Add the figures for indirect employment and part time jobs such as those who will work in a restaurant on a match-day, those that will sell club paraphernalia, those that sell advertisements, ticket sales on trains and buses that will send people to the match venues, sale of fuel used in cars driven to the match venue, etc. and the employment figures move well into the millions with revenues or additions to gross domestic product moving into billions of local currency.

The figures quoted does not include volunteering that offers people the requisite skills they need to take either full time or part time jobs in sports and the positive effects of this upskilling on the economy in general. In the absence of such a scheme, the government may need to cough-up funds to set a scheme where people will gain employable skills in sport – that is for those who choose sport as a career. This then becomes money-saved which can be used on other aspects of the economy.

Not all the benefits of sport can be quantified. That said, benefits such as reduction in youth crime, community development, gaining self-knowledge and environmental regeneration through the development of parks and pitches is palpable and improves the overall well-being of the people.

The data for estimated number of people employed by professional football or professional sport in Ghana is non-existent as a search through available databases did not yield any result and this lack of data might have contributed to the gleeful manner in which the Ghana Premier League was postponed as no one knows or appreciates the harm being done to the economy through lost government revenue via income taxes from those directly employed by professional football, lost expenditures as people stay at home and away from football stadia and with it, the money they would have spent on food and drinks, team paraphernalia, tickets, fuel, etc.

For the social cost, your guess is as good as mine. There are people whose employment directly depends on match-day activities. For example, those who work at the stadia may be on relational contracts that only require their services when there is a football match. In a such a situation, not only is there loss of income to the individual and their family but an inability to pay for things like rent/mortgage and food may induce the individual to engage in risky anti-social behaviours for money. This will come at a cost to society and the economy.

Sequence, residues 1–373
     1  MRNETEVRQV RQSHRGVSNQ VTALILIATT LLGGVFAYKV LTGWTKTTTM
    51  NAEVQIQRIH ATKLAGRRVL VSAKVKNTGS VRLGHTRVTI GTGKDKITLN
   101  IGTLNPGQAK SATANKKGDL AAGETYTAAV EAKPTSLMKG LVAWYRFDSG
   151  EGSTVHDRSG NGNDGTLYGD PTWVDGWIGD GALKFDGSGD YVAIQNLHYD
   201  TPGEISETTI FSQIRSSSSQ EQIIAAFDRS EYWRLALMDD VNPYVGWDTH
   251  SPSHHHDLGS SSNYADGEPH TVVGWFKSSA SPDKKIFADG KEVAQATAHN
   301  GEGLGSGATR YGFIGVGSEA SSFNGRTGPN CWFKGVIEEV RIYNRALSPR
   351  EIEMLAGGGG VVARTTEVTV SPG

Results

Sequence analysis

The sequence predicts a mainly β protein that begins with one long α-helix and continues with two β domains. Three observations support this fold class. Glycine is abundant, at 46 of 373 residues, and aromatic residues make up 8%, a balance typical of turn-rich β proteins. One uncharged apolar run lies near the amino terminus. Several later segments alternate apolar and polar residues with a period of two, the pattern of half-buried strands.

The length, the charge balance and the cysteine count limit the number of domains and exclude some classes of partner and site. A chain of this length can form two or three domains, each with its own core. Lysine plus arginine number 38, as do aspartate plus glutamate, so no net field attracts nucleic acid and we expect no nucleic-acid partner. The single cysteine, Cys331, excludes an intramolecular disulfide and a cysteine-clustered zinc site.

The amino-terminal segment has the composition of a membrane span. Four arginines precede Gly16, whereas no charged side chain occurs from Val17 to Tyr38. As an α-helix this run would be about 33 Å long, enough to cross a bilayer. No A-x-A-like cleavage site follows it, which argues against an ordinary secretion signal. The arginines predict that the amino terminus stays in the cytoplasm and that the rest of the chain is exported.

Potential investors, both local and foreign are also not going to invest if there is no guarantee that the football league will take place, so they can reap a return on their investments. This will also have a quantifiable effect on government finances and affect the economy as a whole. This together with the postponement will negatively affect the development of sport in the country.

My understanding is that national governments are not allowed to intervene or interfere in the administration of football in their respective countries as FIFA takes a dim view on this. This implies that there is little the Ministry of Youth and Sports can do about this in terms of remit.

That said, when things get this bad, to an extent where a whole football league has to be postponed indefinitely due to legal wrangling, then it is only appropriate for the government to step in through the legal route as the effect of the postponement on the economy, economic agents and economic activity is clearly negative. If this is successfully done, it will send a clear message that no individual or group or persons can hold the economy of Ghana to ransom.